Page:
Citizens Advice insight highlights vital financial inclusion role

I’ve taken the opportunity to reflect on a day that I’ve spent with Caerphilly and Blaenau Gwent Citizens Advice Bureau, to understand how our ‘Your Money, Your Home’ (YMYH) project can work better in partnership with a key service.

Recently I met with Jan Channing and Ann Matthews of Caerphilly and Blaenau Gwent Citizens Advice Bureau (CAB). As fellow partners on Blaenau Gwent’s Universal Support Delivered Locally trial, we felt that there was an opportunity for greater partnership working given that financial inclusion is at the heart of what we do. Discussions centred on the number of tenants that our project has worked with and how many were in need of in-depth financial advice and support. At the end of July, YMYH had worked with 98 private rented sector tenants, of which 64% had experienced difficulty keeping up with their bills over the previous twelve months.  We felt that having a direct referral system would be beneficial to us as organisations and to tenants in our communities.  Through our outreach work we hope to see more tenants having the opportunity to access the support provided by Citizens Advice for debts and benefit issues.

In order to gain a fuller understanding of the support and advice available from CAB, I agreed to spend a morning shadowing one of their advisors at a local drop-in point. So in the name of relationship building I met up with Callum from Caerphilly and Blaenau Gwent Citizens Advice Bureau. Callum runs the Monday morning drop-in at Blaenau Gwent Civic Centre from 9am until 1pm. Clients call into the council’s reception, complete a short form of personal details and are seen on a first come, first served basis.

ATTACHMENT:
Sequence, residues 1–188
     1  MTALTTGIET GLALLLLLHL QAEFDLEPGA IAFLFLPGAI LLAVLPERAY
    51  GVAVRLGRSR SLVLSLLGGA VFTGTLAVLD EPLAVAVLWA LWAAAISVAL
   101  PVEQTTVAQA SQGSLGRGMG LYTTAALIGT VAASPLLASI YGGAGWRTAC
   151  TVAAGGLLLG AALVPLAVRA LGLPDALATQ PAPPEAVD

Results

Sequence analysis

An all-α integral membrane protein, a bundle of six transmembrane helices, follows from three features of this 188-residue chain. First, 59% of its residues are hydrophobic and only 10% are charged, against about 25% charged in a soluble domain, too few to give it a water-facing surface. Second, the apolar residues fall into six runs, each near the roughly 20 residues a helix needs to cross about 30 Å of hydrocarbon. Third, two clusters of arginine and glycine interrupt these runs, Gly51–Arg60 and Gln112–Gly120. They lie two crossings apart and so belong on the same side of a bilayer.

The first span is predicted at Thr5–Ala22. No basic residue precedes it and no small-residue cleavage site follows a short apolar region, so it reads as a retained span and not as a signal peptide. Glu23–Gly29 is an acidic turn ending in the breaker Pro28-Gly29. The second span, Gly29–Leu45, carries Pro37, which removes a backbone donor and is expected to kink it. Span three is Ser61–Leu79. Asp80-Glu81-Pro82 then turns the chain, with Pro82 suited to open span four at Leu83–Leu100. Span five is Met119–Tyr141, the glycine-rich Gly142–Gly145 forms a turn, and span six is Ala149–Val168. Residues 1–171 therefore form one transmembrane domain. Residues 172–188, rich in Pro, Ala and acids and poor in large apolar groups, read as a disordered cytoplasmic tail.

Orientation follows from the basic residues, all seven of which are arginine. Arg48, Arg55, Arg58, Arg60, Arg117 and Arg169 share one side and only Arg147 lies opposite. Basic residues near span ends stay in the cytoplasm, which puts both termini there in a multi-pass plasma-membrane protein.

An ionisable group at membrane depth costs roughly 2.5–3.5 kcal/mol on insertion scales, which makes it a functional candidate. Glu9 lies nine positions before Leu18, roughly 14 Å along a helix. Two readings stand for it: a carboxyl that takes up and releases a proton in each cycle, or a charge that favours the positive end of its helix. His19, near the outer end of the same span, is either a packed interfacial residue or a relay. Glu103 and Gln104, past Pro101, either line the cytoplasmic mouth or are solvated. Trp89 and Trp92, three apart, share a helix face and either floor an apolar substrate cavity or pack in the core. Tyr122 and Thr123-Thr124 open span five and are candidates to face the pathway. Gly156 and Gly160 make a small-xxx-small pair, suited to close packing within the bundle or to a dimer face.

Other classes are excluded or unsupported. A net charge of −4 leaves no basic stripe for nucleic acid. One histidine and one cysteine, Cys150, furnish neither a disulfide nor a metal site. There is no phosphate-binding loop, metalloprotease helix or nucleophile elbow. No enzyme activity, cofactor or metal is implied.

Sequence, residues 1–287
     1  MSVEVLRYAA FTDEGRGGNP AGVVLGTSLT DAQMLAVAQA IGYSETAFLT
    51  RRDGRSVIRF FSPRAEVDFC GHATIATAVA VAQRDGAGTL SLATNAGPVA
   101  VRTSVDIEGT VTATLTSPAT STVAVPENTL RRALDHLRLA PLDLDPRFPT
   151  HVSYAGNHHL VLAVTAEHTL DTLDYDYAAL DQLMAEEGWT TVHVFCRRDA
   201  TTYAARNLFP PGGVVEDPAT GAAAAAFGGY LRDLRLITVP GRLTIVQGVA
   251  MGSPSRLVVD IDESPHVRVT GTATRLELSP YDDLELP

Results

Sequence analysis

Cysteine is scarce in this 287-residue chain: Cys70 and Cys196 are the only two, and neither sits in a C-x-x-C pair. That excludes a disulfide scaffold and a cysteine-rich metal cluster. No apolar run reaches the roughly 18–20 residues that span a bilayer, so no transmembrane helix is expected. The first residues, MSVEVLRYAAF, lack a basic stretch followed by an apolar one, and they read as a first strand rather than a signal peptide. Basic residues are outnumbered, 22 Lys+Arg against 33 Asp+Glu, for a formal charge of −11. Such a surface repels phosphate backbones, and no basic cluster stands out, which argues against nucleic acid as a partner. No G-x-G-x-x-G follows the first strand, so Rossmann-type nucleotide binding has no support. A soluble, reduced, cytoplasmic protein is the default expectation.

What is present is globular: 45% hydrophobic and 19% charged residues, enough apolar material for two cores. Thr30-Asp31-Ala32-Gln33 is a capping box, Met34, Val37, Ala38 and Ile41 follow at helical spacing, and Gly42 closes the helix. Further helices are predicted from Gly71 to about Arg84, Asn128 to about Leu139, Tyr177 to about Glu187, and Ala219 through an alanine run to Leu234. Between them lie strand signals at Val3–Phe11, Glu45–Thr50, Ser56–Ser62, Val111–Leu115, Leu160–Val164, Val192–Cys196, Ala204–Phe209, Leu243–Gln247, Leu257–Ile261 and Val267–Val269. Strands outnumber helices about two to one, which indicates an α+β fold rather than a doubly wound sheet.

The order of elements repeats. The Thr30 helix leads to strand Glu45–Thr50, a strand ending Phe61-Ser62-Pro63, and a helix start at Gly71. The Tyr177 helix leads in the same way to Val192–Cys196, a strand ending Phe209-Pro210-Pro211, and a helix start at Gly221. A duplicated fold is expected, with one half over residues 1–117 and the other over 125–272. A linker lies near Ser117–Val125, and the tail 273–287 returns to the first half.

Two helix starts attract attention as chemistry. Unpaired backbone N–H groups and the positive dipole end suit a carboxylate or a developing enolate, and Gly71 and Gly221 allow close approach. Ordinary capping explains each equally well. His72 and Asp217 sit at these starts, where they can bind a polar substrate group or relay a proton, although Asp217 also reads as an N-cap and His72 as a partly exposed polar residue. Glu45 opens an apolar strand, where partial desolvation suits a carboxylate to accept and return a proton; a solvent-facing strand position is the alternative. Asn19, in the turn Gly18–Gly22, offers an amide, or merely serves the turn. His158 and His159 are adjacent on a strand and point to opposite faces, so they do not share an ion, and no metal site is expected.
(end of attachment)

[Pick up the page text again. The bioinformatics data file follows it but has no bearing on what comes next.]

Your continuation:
Throughout the morning, clients wanted help with a variety of issues including a benefit entitlement query following a reduction in working hours.  Another client was concerned that a change in health circumstances would affect his existing entitlements and wanted advice about applying for the attendance allowance.  A disabled gentleman who had recently been made redundant was returning to the drop-in for support to complete a claim form and finally there was a complaint about the quality of work done on a house through the ‘Green Deal’. Callum helped each person either at the time or, if more time was needed, he made an appointment for the following Monday afternoon.

It was also an opportunity for me to get a better understanding of their referral process – anyone can come along to the drop-in, call the office to obtain an appointment or contact Adviceline Cymru. Recently, advisors have become available at certain GP surgeries as part of the Better Advice, Better Lives project and links have been made with Torfaen Mind so people can access drop-in support at their Brynmawr offices.

The YMYH team is looking forward to closer working links with Caerphilly and Blaenau Gwent.

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